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Death By Consumption

Consumption is a deadly disease. We eat up and hoard those things that are supposed to bring us happiness and satisfaction, but never do.

Economies of demand promote consumption. In the aftermath of 9/11 we were instructed by our President and the mayor of New York to be American and “go shopping.”

Economies based in consumption and demand will eventually devour themselves.

Interestingly, consumption is also a fitting older English term for the process of death from tuberculosis:

“In the past, tuberculosis has been called consumption, because it seemed to consume people from within, with a bloody cough, fever, pallor, and long relentless wasting.”

Does this sound like the process we are facing as a country?

We consume time by filling it with inane or harmful entertainment.

We consume our money on ever-depreciating goods that, although they provide us with ease of life, we don’t need the newest and most improved every two years (if we wait that long).

We consume our labor and talents on that which is of “no worth” and cannot “satisfy.”

Until we change our habits of how we use our time, money, and talents from consuming them to using them to contribute to strengthening communities, families, and self, we will, as a society consume ourselves to death through a process of “long relentless wasting.”

How do we change our ways of using the resources we have?

Austerity forces us to reconsider our economic decisions. However, we don’t have to wait until our options are forcibly limited to change from consumption and “long relentless wasting” to prosperity and plenty.

One intitial change is to see the resources we have possession of as gifts of Nature or of God.

If we see them in this way, we treat them as stewards would: wisely. Stewards realize that they are accountable to something greater than themselves for the distribution, use and improvement of their “resources-on-loan.”

As stewards, our usage decisions will be more appropriate as we nurture our labor, our money, and our time instead of selfishly exploiting those resources and the resources of others.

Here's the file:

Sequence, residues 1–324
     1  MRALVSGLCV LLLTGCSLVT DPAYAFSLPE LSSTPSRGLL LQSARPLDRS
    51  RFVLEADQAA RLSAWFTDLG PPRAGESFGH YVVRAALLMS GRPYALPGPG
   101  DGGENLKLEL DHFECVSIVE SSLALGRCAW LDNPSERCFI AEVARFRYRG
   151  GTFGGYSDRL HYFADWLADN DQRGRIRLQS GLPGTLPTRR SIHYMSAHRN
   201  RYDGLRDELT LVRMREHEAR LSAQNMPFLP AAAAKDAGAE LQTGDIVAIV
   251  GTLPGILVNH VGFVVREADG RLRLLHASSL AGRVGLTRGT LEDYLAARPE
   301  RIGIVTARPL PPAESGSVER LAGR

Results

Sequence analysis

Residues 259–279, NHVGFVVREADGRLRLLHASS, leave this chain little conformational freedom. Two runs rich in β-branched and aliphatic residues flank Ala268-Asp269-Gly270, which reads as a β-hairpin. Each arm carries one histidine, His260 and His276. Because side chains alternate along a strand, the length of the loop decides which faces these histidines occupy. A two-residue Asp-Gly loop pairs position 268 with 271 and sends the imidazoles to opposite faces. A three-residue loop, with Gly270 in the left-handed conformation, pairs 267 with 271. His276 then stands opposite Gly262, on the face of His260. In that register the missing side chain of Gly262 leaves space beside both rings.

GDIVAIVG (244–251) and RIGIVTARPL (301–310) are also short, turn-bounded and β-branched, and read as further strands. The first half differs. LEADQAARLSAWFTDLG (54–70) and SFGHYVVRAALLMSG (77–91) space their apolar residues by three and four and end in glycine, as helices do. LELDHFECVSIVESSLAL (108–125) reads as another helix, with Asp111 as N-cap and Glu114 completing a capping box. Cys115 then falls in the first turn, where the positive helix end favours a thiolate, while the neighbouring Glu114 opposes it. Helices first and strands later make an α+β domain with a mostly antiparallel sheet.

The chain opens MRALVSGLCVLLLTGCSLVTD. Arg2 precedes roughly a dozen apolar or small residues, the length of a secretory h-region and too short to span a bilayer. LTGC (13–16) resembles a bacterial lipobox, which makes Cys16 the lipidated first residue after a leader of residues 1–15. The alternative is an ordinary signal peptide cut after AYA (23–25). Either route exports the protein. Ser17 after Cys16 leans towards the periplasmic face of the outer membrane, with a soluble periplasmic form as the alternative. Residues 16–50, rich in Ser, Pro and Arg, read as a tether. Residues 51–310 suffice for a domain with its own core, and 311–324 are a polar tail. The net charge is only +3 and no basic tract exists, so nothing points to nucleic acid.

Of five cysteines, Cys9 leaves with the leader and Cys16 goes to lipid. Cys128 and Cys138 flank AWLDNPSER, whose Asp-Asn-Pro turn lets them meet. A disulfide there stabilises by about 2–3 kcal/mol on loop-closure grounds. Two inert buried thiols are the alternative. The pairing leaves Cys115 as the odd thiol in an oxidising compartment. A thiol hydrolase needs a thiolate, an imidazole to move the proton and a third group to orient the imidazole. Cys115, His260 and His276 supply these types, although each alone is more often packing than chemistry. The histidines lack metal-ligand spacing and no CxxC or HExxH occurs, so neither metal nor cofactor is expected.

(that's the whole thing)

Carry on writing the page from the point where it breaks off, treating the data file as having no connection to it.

In contrast, if we see resources as things we own outright, independently of God and Nature, we quickly develop the tendency to exploit them and abuse them and waste them.

If we continue to prize ownership of stuff as a primary end for human existence, our society will suffer death by consumption in all its wasting and internal destruction.

Let us make the shift from an ownership mentality to a stewardship mentality that promotes a healthy economy based on prosperity, cooperation, and  responsibility to self, to God, to Nature and to others.


Mike Wilson received his B.S. degree in Chemistry from Brigham Young University and pursued graduate work at the University of California, San Diego, where he earned a M.S. degree in Biomedical Sciences prior to obtaining his M.D. at the UCSD School of Medicine.

He lives in Cedar City, Utah with his wife Jenni and their six children and practices emergency medicine in St. George, Utah while working on a Ph.D. in Constitutional Law at George Wythe University. He is also an Associate Mentor at GWU.

Mike’s passion is promoting idea that the common man has power and capacity to affect grand change in the world through true principles of love, goodness, and virtue. Because of his Jeffersonian trust in the common man, he considers himself a “little d” democrat (an ideal, not a political party).

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